I recently asked a group of managers and salespeople about their Territory Managers. Specifically, I asked them to share their thoughts on service, relevance, and relationships. Do businesses still need a TM? How is the role changing? Are they satisfied with their TM’s quality of service? After all, we’re in the era of “Do more with less” in which improving information accessibility calls in to question the efficiency of the position. The following quotes are taken from this conversation. I have removed product brand names for the sake of anonymity:
“I am from a time when the TM came by every week to make sure things were going well and to update us on new happenings. The past few years it has gotten to where the TM shows up maybe two or three times a year. I always liked getting the personal touch.”
“I often wonder if TMs get picky with their “favorites” and neglect others. Or, if they feel confident that guys won’t jump ship simply because he’s been a dealer for so long. Possibly taking for granted that you’ll stick around.”
“Sounds like a theme. I’ve started selling other stuff other than Brand X because I feel there is no loyalty or support from them. They say there is at dealer meetings, but the reality is bleak. We’re on our third TM in about four years.”
“I haven’t seen or spoken to a TM from anyone in probably 8 months or more.”
“I’d like them to understand the ins and outs and make suggestions on what we could do better. Sometimes it’s just nice to go to lunch and talk. So do we need them? Maybe not as much. I still prefer it though.”
“What do they add that you can’t do yourself or find on your own? Probably nothing.”
Any smart Territory Manager is going to determine the best use of his time with accounts partly based on the 80/20 Rule (although it’s more likely 95/5). But this feedback is strong language. Even more so because the people I spoke with are not working for or owning low-volume businesses. They’re established high-volume accounts. And as they shared, many are beginning to move their purchases to suppliers who demonstrate a greater level of high-touch service.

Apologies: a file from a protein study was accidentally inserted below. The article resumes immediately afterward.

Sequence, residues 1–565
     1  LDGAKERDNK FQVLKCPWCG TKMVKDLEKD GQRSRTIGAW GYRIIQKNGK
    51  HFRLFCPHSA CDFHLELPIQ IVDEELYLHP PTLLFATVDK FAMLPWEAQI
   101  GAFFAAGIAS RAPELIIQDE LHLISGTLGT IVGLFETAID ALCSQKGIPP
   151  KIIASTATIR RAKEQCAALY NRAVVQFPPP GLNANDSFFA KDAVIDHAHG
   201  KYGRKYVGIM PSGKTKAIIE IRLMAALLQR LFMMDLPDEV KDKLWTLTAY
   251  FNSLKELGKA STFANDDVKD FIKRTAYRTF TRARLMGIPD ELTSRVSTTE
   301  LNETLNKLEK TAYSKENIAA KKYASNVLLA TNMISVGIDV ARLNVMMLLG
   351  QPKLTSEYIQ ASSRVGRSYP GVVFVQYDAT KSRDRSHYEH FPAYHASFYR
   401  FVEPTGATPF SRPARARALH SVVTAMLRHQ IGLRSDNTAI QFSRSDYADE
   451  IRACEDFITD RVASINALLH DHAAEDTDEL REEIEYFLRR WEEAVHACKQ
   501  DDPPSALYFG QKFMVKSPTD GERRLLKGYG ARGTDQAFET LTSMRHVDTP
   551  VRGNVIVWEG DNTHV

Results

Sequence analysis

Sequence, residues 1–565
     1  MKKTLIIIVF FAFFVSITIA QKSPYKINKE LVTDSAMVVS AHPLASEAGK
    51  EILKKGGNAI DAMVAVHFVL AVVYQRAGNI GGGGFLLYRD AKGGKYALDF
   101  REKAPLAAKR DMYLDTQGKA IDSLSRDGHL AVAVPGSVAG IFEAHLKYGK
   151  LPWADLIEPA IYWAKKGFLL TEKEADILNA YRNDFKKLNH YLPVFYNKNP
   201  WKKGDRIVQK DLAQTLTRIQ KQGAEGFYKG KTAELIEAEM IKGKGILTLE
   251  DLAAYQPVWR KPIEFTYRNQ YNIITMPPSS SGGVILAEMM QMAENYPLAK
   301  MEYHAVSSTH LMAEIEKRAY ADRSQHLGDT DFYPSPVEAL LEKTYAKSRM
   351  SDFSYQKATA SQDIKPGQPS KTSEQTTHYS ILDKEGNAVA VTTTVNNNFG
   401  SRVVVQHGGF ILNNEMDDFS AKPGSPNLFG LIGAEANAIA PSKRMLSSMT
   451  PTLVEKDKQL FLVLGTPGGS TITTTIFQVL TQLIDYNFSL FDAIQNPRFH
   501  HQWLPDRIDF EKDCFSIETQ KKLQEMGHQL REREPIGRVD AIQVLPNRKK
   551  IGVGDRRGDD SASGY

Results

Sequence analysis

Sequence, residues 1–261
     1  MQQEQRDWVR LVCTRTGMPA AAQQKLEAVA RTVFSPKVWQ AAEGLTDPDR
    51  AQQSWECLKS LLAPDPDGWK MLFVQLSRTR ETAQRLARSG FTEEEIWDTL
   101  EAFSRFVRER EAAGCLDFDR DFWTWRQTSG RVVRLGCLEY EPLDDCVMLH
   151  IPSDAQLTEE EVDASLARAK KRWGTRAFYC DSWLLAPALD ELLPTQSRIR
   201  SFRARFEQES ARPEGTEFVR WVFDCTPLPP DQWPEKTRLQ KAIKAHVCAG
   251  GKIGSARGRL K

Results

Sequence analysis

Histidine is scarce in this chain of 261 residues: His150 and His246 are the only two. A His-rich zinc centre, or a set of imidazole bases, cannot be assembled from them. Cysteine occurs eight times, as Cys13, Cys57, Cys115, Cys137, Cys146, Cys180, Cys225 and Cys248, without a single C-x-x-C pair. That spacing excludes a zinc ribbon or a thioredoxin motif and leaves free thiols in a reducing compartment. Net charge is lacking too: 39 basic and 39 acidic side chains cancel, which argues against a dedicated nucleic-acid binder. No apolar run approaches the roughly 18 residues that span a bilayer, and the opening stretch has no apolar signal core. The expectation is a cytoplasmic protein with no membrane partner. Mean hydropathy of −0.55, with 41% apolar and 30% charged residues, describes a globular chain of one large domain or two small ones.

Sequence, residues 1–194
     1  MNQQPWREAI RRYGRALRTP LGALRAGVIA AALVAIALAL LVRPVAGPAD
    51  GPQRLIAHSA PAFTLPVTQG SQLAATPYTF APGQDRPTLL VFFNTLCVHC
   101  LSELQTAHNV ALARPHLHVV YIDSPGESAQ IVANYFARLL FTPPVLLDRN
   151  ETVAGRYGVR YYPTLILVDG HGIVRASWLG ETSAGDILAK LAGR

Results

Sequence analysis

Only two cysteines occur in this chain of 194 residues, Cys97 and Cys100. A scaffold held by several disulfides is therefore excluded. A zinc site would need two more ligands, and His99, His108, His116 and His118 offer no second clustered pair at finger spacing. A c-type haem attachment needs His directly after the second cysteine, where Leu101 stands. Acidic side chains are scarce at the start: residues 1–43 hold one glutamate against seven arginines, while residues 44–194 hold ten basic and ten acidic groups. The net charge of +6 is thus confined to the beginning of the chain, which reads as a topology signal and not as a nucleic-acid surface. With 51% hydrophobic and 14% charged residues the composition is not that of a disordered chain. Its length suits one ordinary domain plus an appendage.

So why isn’t anyone showing up to maintain relationships and grow these accounts?
Have TMs and their bosses become so enamored with Challenger Sales theories that they’ve forgotten rule #1: Before you get fancy be consistent–showing up and bringing relevant content.
Have TMs become so overburdened with internal initiatives that they’ve forgotten rule #2: The most important perspective is your customer’s perspective.
Have TMs become too quick to defer a customer request to another channel (“Here’s the phone number for our Warranty department”), thereby making it more difficult for their customers to do business and breaking rule #3: Ease-of-use has a massive impact on loyalty.
Or have TMs simply become complacent…especially if they’re coming off of a couple of years of strong sales growth? Pride comes before the fall.
I’d be irresponsible to say that the comments I’ve shared reflect the general state of TM performance. I know many committed and professional B2B salespeople who do a fantastic job each day. It’s not an easy job. I am sharing them as a simple reminder that the most basic skill–simply showing up and showing a vested interest in your customer’s success–has a greater impact on sales than one might think.